Viacom Networks Return to DIRECTV
After 9 full days of darkness, the Viacom networks (including Nickelodeon, Nicktoons, TeenNick and Nick Jr.) have returned to the air on DIRECTV.
You can read the press releases from Viacom and DIRECTV below:
via Viacom press release:
All 26 Viacom Networks, Including Nickelodeon, Comedy Central, MTV, BET, CMT, Logo, Spike, TV Land, MTV2, VH1, VH1 Classic, Palladia, Nick Jr., Nicktoons, TeenNick, Tr3s and Centric, to Return to DIRECTV Immediately
NEW YORK, July 20, 2012 – Viacom today announced that the company has reached a long-term agreement to renew carriage with DIRECTV.
All 26 Viacom networks, including Nickelodeon, Comedy Central, MTV, BET, CMT, Logo, Spike, TV Land, MTV2, VH1, VH1 Classic, Palladia, Nick Jr., Nicktoons, TeenNick, Tr3s and Centric, will return to DIRECTV’s channel lineup immediately. As part of the overall carriage agreement, DIRECTV has an option to add the EPIX service to its entertainment offerings.
Viacom is extremely pleased to bring its programming back to DIRECTV subscribers, and thanks everyone affected by the disruption for their patience and understanding during this challenging period.
via DIRECTV press release:
EL SEGUNDO, Calif., July 20, 2012 – DIRECTV has reached a new long-term agreement with Viacom to restore 17 channels (including Nickelodeon, Comedy Central, MTV, BET, Spike, CMT, TV Land and ten other channels) that Viacom had taken away from DIRECTV customers on July 10. Viacom has returned all affected networks.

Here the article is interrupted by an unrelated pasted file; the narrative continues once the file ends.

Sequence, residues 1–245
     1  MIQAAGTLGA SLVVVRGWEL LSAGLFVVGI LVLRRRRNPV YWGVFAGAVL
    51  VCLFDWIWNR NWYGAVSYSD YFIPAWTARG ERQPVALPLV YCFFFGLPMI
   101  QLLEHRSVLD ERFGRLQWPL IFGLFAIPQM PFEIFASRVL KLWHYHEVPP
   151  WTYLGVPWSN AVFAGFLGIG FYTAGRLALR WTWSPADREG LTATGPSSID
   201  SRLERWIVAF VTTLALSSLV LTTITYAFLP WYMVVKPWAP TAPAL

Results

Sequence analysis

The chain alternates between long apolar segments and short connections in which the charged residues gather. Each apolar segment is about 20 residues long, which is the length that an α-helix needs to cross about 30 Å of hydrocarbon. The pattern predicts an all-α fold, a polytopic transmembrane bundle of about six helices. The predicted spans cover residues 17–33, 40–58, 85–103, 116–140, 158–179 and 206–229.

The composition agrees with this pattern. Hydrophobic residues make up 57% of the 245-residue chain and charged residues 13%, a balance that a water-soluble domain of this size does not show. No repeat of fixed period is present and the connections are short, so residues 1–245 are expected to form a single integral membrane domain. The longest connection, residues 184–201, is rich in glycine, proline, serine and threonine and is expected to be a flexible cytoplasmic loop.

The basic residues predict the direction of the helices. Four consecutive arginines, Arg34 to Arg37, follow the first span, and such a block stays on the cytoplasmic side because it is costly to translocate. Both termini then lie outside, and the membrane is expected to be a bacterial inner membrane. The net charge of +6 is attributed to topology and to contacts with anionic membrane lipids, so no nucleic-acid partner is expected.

Financial terms were not disclosed.
In addition to the channels’ return, DIRECTV customers will also gain the ability to see Viacom programming on tablets, laptops, handhelds and other personal devices via the DIRECTV Everywhere platform. Carriage of the EPIX movie channel is not required as part of the new agreement.
“We are very pleased to be able to restore the channels to our customers and thank them for their unprecedented patience and support,” said Derek Chang, executive vice president of Content Strategy and Development for DIRECTV. “It’s unfortunate that Viacom took the channels away from customers to try to gain leverage, but in the end, it’s clear our customers recognized that tactic for what it was.”
Chang added, “The attention surrounding this unnecessary and ill-advised blackout by Viacom has accomplished one key thing: it serves notice to all media companies that bullying TV providers and their customers with blackouts won’t get them a better deal. It’s high time programmers ended these anti-consumer blackouts once and for all and prove our industry is about enabling people to connect to their favorite programs rather than denying them access.”
The dispute helped generate significant public support from hundreds of thousands of customers and also, surprisingly enough, many high-profile DIRECTV competitors. The 850 small and independently owned local cable systems that make up the American Cable Association joined the anti-blackout chorus, as did Cox Communications, Time Warner Cable and Mediacom.